MEDIA RELEASE – Canada in a room: 45 citizen volunteers are providing advice on combatting online hate speech

Ottawa, Canada, June 13, 2022 (GLOBE NEWSWIRE) — Ottawa, ON (June 13, 2022) A diverse group of volunteers from every province and territory in Canada is gathering in Ottawa over the next five days to look at the impact of digital technologies on Canadian democracy and deliver a series of recommendations to the federal government on how to protect democratic expression online and address the spread of harmful content, including disinformation and hate speech.
The group—called the Citizens’ Assembly on Democratic Expression—is part of the Canadian Commission on Democratic Expression. The Commission is a three-year initiative aimed at responding to the democratic risks of digital technologies. This project is led by the Public Policy Forum (PPF). It is composed of a Commission, a Citizens’ Assembly led by MASS LBP, and an independent research program led by the Centre for Media, Technology and Democracy at McGill University. This project is funded by the Department of Canadian Heritage and the McConnell Foundation.
The Minister of Canadian Heritage Pablo Rodriguez will attend and deliver opening remarks on Wednesday, June 15. Following the conclusion of the Citizens’ Assembly, final recommendations will be shared with the Government of Canada on Sunday, June 19.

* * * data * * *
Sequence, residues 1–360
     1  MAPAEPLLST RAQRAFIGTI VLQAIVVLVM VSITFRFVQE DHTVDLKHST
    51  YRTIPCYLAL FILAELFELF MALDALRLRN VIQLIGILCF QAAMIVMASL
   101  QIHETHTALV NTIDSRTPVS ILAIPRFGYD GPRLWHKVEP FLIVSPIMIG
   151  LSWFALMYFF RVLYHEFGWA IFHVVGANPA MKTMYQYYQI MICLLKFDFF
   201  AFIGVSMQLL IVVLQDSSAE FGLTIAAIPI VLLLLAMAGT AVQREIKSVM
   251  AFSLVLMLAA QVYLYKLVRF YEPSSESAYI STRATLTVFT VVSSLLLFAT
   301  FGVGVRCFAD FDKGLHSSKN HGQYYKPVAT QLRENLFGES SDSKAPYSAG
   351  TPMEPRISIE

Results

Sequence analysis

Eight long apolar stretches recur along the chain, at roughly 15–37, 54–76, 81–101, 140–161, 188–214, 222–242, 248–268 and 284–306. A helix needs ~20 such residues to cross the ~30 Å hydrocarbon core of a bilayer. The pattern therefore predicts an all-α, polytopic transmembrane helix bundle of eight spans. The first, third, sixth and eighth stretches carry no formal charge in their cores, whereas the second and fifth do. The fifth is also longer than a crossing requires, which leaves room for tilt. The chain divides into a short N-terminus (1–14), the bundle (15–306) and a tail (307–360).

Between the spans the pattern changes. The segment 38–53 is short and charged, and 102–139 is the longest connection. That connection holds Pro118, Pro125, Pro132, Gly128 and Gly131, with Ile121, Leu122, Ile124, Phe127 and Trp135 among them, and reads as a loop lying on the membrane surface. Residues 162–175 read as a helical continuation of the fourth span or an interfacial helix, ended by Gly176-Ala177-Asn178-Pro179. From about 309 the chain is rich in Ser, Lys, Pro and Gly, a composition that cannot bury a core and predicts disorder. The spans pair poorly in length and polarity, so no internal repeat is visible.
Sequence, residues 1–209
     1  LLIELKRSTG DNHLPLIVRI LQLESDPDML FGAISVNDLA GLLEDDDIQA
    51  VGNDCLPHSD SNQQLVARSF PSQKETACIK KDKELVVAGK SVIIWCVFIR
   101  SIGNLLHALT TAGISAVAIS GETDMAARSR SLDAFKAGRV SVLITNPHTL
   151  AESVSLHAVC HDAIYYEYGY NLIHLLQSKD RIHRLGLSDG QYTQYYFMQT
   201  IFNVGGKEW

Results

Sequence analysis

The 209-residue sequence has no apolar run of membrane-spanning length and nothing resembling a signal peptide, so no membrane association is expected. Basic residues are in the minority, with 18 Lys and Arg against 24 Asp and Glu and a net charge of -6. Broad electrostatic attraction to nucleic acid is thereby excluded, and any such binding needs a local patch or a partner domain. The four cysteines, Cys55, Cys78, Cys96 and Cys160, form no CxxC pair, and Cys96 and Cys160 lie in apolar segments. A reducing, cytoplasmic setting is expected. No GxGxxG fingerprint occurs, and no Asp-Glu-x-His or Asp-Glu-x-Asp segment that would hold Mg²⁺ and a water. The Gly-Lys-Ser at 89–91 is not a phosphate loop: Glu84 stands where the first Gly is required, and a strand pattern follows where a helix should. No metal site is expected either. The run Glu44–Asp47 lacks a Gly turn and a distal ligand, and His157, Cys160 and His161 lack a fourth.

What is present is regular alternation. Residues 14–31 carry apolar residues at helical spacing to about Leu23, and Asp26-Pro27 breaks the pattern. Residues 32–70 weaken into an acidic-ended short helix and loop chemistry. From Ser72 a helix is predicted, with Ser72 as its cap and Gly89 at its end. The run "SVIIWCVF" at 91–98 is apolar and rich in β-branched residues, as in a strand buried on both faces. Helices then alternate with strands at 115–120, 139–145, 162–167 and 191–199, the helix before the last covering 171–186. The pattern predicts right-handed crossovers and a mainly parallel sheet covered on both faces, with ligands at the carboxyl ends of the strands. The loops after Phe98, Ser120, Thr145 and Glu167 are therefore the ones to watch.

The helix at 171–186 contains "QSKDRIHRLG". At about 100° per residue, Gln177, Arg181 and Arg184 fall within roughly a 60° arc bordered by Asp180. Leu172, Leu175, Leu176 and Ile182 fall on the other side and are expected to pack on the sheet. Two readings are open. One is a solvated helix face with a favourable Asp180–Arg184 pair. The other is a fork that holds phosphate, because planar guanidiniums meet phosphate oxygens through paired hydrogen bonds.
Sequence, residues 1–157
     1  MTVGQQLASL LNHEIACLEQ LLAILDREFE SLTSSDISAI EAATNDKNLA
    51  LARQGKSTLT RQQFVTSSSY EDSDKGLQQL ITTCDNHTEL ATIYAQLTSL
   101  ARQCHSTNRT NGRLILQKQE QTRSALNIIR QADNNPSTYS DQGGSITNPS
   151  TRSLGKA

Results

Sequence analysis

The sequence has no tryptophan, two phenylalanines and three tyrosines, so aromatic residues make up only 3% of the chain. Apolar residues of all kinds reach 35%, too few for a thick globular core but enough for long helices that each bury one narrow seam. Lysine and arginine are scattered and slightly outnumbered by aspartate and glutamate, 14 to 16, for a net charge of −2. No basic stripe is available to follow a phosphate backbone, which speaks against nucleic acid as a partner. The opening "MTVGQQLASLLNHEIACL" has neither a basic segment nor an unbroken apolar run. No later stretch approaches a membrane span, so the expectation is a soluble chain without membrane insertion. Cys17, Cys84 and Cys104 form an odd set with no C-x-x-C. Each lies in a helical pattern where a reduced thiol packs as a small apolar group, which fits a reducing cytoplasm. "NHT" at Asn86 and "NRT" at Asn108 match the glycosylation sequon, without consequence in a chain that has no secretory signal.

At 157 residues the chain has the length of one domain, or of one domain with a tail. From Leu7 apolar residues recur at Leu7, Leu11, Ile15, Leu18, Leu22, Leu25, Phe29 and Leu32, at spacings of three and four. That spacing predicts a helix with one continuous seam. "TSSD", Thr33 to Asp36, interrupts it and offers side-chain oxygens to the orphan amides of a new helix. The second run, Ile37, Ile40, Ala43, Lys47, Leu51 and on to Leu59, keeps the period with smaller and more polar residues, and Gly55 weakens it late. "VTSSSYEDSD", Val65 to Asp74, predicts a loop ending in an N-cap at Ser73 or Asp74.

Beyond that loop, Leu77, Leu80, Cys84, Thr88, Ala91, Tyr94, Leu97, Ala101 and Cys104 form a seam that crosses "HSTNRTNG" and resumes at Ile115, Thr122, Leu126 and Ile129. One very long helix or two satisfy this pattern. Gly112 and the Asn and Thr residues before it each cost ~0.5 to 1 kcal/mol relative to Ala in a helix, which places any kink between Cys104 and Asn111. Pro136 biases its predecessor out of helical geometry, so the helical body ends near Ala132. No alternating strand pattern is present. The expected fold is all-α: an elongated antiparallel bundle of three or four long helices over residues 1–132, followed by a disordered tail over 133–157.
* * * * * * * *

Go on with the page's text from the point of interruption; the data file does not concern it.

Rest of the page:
In addition, Beverley McLachlin, the former Chief Justice of the Supreme Court of Canada, who co-chairs the Commission, is scheduled to deliver a speech on Saturday, June 18. 
MPs and Senators have also been invited to attend.
Assembly’s recommendations will inform upcoming legislation designed to promote online safety and safeguard user rights. The full report summarizing these recommendations will be published in August.
Since its formation in April 2020, two Commissions and two Citizens’ Assemblies have provided critical policy advice to the government on how best to enhance online safety while safeguarding user rights. They have advised on critical topics, such as how to reduce harmful content online without impairing free speech and how to increase online platforms’ transparency and accountability.
Eighty-four citizens, from diverse age groups, communities, ethnicities and backgrounds, who were selected through a representative process, have contributed more than 3,500 volunteer hours during their service as members. Forty-five of those volunteers are involved in this latest meeting.
“I would like to think that through my contribution to the Citizens’ Assembly, I’m playing a small part in shaping a better future for my children and their generation in helping them prepare to face future challenges,” says Motasem Salem, a member of this year’s Citizens’ Assembly. “I’m proud to bring my voice to one of the most important policy debates of our time and help protect the state of democratic expression and safeguard against disinformation.”
“The ongoing dedication of Citizens’ Assemblies’ members is evidence of how Canadians recognize the need to take action to protect democratic expression online while developing solutions to protect against disinformation and online hate speech,” says the Commission’s Co-Chair, Beverley McLachlin. “Canadians live in a free, democratic and rights-based society, where free expression is an essential principle, but every day we are threatened by hateful and false online rhetoric. The voices of Canadian citizens need to be reflected in the legislation, which will govern how we interact with and use digital technologies.” 
The creation of the Citizens’ Assembly on Democratic Expression is also a direct response to the priorities reflected in the Minister of Canadian Heritage’s Mandate Letter.


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